Within training schools, there is often an emphasis on academic and or vocational training. Other programs available can be remedial academic skills, life skills, and behavioral subjects such as anger management, drug abuse, and other programs. The primary goal is always to empower the delinquent to not return to the system by breaking the law again.

Some schools also place a strong emphasis on behavior modification. This can involve some sort of point system for desired behaviors. Examples include lining up properly, getting out of bed on time, etc. These points can be used for various privileges such as phone calls, watching tv, or some other desirable opportunity.

Profile of Typical Resident

Delinquents who are placed in state training schools often have certain characteristics. For example, mental health is a major concern. Approximately 70% of youths in the juvenile justice system have mental health concerns. Examples include depression, anger, and anxiety, to name a few. These problems are further exacerbated for students placed in a training school as placement in such a facility is usually due to serious infractions of the law.

The challenges with mental health can lead to serious repercussions such as suicide. The majority of juvenile suicides in confinement happen inside training schools. The most common method is hanging.

Youths who experience residential placement are also at a higher risk of victimization from other youths in the facility. Youths in placement fear such things as being attacked by other youths or even by staff members. Sexual assault is another concern of youth that can be perpetrated by other youths or staff members. Victimization can be further complicated by racial tension. Youths from different ethnicities will target and attack one another.

A unique problem of training schools is a lack of heterosexual physical contact. Researchers have found that youths will temporarily switch to same-sex companionship while at the training school to deal with this situation. Naturally, this is a controversial topic but there is some evidence to support this has happened in the past.


There have been calls to close down training schools. The argument is that they are an outdated form of helping delinquents who need intervention. However, there is room in the system for a variety of ways to help delinquents learn from their mistakes. Training schools are one method that is appropriate in some situations. It is equally harmful to remove training schools just as it is to send every youth to one of these whose mistakes warrant such an intervention.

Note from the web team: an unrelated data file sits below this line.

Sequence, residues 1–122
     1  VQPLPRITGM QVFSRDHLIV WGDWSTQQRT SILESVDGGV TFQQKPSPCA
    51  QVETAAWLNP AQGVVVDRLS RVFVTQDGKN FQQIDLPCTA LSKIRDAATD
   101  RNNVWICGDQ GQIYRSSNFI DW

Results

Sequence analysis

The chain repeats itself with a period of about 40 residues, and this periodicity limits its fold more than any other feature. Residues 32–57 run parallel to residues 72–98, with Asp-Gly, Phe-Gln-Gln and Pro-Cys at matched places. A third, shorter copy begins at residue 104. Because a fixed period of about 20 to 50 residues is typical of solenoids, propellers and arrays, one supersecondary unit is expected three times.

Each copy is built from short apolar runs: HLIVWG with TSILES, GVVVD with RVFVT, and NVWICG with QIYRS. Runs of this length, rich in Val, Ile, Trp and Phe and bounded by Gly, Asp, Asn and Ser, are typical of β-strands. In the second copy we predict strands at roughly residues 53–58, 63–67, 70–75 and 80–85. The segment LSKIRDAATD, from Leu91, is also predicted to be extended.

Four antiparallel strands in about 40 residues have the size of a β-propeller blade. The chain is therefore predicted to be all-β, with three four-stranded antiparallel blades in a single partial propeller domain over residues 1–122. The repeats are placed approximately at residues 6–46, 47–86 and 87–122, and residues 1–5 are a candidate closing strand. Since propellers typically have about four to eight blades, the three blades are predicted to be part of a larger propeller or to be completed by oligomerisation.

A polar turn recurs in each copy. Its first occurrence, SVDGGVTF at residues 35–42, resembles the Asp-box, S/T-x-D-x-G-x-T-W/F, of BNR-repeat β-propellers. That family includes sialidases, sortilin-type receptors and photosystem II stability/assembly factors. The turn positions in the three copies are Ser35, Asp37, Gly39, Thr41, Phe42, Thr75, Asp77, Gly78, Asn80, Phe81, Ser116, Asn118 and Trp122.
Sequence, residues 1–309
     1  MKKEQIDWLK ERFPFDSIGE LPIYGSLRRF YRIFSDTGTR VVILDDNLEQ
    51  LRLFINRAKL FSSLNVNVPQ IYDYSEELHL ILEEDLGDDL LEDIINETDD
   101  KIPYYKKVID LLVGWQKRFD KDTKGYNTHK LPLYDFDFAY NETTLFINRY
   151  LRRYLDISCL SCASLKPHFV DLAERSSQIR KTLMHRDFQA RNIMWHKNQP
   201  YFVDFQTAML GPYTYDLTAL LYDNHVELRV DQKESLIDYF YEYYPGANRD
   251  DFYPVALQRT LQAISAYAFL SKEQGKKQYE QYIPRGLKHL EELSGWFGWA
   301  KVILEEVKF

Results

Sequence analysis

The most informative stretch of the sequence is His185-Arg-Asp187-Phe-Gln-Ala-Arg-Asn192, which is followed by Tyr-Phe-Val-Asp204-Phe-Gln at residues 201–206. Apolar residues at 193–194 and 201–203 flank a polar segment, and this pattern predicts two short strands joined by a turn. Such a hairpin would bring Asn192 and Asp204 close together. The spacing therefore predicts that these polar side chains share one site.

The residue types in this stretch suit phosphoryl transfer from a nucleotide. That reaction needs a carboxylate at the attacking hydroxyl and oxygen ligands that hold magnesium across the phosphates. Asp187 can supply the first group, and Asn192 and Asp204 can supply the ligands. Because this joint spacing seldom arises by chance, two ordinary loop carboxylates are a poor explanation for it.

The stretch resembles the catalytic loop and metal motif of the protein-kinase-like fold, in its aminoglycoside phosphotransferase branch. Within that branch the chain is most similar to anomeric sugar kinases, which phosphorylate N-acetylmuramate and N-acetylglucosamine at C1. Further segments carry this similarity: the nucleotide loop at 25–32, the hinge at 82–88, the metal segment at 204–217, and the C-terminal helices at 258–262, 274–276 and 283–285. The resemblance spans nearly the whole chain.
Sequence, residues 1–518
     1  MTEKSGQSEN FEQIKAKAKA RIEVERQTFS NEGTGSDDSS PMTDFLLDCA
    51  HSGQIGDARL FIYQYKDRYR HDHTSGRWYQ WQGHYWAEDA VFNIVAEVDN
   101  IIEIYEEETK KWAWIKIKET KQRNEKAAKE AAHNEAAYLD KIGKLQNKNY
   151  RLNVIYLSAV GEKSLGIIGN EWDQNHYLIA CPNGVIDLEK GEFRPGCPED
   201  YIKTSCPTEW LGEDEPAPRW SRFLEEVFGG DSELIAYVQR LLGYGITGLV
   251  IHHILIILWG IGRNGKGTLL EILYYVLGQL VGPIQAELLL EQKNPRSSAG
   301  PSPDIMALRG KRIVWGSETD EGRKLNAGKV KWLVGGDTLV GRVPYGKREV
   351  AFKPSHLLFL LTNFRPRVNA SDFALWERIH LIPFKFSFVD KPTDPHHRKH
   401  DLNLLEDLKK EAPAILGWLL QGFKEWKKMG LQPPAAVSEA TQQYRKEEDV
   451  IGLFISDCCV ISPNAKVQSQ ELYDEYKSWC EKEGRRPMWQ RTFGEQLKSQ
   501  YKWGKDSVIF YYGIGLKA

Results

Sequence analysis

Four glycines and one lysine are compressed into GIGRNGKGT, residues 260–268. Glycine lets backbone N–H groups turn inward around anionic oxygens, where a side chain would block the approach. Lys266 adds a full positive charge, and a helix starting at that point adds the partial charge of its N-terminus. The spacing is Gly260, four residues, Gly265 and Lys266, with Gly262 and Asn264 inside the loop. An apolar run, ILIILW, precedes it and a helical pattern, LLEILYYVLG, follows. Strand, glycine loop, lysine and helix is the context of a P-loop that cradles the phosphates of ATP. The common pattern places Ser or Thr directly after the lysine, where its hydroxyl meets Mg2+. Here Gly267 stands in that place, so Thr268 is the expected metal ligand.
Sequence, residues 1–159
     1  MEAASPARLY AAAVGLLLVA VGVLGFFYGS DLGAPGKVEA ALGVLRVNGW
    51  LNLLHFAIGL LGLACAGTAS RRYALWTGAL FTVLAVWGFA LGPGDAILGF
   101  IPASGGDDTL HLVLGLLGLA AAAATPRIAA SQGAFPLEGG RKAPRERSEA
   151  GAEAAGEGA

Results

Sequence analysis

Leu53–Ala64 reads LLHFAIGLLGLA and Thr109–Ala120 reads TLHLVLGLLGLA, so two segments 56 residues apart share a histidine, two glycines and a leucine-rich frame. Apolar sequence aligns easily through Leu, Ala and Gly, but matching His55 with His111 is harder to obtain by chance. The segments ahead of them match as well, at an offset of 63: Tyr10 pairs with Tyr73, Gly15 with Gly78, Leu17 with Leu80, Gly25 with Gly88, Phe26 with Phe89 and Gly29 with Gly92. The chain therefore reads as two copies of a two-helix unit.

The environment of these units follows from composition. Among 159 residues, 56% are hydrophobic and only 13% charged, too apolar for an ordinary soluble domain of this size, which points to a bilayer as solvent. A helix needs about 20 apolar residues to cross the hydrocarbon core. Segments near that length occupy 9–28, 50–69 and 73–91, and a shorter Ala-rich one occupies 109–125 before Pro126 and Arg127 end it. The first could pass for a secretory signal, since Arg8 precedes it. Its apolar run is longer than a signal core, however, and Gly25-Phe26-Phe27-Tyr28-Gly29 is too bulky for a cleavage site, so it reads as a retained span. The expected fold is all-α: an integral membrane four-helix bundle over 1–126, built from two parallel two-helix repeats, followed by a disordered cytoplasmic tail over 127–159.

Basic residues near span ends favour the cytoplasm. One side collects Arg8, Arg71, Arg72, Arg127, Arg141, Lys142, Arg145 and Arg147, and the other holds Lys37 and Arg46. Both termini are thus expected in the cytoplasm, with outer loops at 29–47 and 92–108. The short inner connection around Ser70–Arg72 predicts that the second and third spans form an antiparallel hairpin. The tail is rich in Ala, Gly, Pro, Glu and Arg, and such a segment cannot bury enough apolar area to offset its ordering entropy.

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Contingency Model and Teaching

Fred Fiedler developed his contingency theory of leadership for management purposes. However, we are going to examine this theory within the context of teaching and the classroom.


Fiedler believed that management success involved assessing the leader, the potential situation(s) the leader will face, and matching the best leader in terms of the situation. Assessing the leader involved identifying the traits of the leader’s least-preferred coworker (LPC). LPC is the nightmare colleague for the leader. For example, some leaders prefer friendly coworkers and some do not. Fiedler measured this and found two common types of leaders.


Leaders with high scores on the LPC were considered relationship-oriented. What this means is that the leader needs to develop interpersonal relationships with colleagues. Since relationships are important high LPC leaders see their colleagues positively and task accomplishment was not as important. In contrast, low LPC leaders were task-oriented and viewed their least preferred colleagues negatively. In addition, low LPC leaders were focused on achievement.

The component of contingency theory is the situation or setting. Situational favorableness is a measure of a leader’s perception of the control they have in the outcome(s) of group interaction and or influence of the processes of the group. There are three concepts related to this and they are leader-member relations which is the willingness of the workers to follow the leader, task structure which is the clarity of the task, and position power which is a measure of ability to influence members.